Weak Form Efficiency

What Is Weak Form Efficiency?

Weak form efficiency claims that past price movements, volume, and earnings data do not affect a stock’s price and can’t be used to predict its future direction.

Weak form efficiency is one of the three different degrees of efficient market hypothesis (EMH).

Key Takeaways

  • Weak form efficiency states that past prices, historical values, and trends can’t predict future prices.
  • Weak form efficiency is an element of efficient market hypothesis.
  • Weak form efficiency states that stock prices reflect all current information.
  • Advocates of weak form efficiency see limited benefit in using technical analysis or financial advisors.

The Basics of Weak Form Efficiency

Weak form efficiency, also known as the random walk theory, states that future securities' prices are random and not influenced by past events. Advocates of weak form efficiency believe all current information is reflected in stock prices and past information has no relationship with current market prices.

The concept of weak form efficiency was pioneered by Princeton University economics professor Burton G. Malkiel in his 1973 book, "A Random Walk Down Wall Street." The book, in addition to touching on random walk theory, describes the efficient market hypothesis and the other two degrees of efficient market hypothesis: semi-strong form efficiency and strong form efficiency. Unlike weak form efficiency, the other forms believe that past, present, and future information affects stock price movements to varying degrees.

Uses for Weak Form Efficiency

The key principle of weak form efficiency is that the randomness of stock prices make it impossible to find price patterns and take advantage of price movements. Specifically, daily stock price fluctuations are entirely independent of each other; it assumes that price momentum does not exist. Additionally, past earnings growth does not predict current or future earnings growth.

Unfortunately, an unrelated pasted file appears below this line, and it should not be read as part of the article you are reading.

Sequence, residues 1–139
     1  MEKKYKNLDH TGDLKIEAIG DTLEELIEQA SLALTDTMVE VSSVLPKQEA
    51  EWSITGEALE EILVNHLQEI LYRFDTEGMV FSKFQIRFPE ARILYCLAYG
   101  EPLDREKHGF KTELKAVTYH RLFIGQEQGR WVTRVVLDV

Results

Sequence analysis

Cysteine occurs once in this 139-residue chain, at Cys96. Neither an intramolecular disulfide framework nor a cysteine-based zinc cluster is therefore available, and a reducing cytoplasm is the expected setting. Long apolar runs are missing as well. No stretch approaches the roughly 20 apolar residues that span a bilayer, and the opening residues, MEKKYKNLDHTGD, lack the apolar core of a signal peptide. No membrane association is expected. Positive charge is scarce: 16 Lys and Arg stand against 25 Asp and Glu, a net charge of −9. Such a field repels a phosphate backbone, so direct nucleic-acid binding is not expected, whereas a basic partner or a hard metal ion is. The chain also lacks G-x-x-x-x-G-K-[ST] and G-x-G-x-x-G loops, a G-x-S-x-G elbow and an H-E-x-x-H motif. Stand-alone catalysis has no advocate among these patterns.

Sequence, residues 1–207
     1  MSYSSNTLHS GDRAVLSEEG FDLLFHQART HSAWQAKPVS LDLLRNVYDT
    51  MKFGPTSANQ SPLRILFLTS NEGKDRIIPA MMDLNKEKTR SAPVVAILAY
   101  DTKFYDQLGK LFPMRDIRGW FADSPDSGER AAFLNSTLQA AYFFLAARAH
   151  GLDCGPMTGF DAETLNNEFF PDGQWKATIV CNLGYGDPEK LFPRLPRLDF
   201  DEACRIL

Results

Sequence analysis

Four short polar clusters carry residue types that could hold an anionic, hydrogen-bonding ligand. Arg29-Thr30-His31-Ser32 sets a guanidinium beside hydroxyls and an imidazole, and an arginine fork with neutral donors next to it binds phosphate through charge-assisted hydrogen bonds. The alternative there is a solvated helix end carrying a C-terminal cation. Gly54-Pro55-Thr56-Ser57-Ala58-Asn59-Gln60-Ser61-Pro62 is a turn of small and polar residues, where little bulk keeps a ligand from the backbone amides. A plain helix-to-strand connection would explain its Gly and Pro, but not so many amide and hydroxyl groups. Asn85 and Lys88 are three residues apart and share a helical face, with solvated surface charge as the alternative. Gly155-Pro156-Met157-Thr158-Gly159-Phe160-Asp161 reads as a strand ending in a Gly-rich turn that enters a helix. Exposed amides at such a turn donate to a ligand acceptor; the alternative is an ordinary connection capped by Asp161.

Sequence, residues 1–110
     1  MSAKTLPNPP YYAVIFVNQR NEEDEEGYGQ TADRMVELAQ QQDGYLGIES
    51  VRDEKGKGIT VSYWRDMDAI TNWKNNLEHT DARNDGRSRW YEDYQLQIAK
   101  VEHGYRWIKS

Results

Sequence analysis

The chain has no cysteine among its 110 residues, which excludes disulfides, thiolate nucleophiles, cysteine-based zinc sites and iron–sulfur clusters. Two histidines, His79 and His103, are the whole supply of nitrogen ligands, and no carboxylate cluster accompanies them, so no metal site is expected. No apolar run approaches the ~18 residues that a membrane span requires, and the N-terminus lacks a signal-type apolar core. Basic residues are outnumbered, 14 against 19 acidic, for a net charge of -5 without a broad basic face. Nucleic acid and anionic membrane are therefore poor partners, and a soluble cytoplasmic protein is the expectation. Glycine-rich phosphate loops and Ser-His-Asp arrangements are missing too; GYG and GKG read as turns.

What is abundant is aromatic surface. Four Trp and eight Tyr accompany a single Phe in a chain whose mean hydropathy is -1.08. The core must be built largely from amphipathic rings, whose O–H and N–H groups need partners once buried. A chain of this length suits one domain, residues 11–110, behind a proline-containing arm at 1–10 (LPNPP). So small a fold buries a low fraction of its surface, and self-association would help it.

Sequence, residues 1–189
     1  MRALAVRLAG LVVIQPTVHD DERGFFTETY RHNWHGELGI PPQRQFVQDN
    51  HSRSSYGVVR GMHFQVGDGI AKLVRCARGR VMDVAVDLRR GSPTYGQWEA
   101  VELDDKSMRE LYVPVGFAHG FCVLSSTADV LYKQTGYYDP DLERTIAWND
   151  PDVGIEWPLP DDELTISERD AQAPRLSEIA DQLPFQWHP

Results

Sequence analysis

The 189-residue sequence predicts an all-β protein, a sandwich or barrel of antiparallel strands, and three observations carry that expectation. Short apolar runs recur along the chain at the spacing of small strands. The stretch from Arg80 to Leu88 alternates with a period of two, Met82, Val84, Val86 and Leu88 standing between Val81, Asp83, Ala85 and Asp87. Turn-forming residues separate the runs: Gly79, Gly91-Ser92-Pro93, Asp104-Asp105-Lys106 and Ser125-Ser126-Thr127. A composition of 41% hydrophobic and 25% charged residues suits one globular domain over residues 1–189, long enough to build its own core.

Weak form efficiency doesn’t consider technical analysis to be accurate and asserts that even fundamental analysis, at times, can be flawed. It’s therefore extremely difficult, according to weak form efficiency, to outperform the market, especially in the short term. For example, if a person agrees with this type of efficiency, they believe that there’s no point in having a financial advisor or active portfolio manager. Instead, investors who advocate weak form efficiency assume they can randomly pick an investment or a portfolio that will provide similar returns.

Real-World Example of Weak Form Efficiency

Suppose David, a swing trader, sees Alphabet Inc. (GOOGL) continuously decline on Mondays and increase in value on Fridays. He may assume he can profit if he buys the stock at the beginning of the week and sells at the end of the week. If, however, Alphabet’s price declines on Monday but does not increase on Friday, the market is considered weak form efficient.

Similarly, let’s assume Apple Inc. (APPL) has beaten analysts’ earnings expectation in the third quarter consecutively for the last five years. Jenny, a buy-and-hold investor, notices this pattern and purchases the stock a week before it reports this year’s third quarter earnings in anticipation of Apple’s share price rising after the release. Unfortunately for Jenny, the company’s earnings fall short of analysts’ expectations. The theory states that the market is weakly efficient because it doesn’t allow Jenny to earn an excess return by selecting the stock based on historical earnings data.

Note

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Article Sources
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  1. Burton Gordon Malkiel. "A Random Walk Down Wall Street: The Time-tested Strategy for Successful Investing," Page 100. W.W Norton & Company, 2007.

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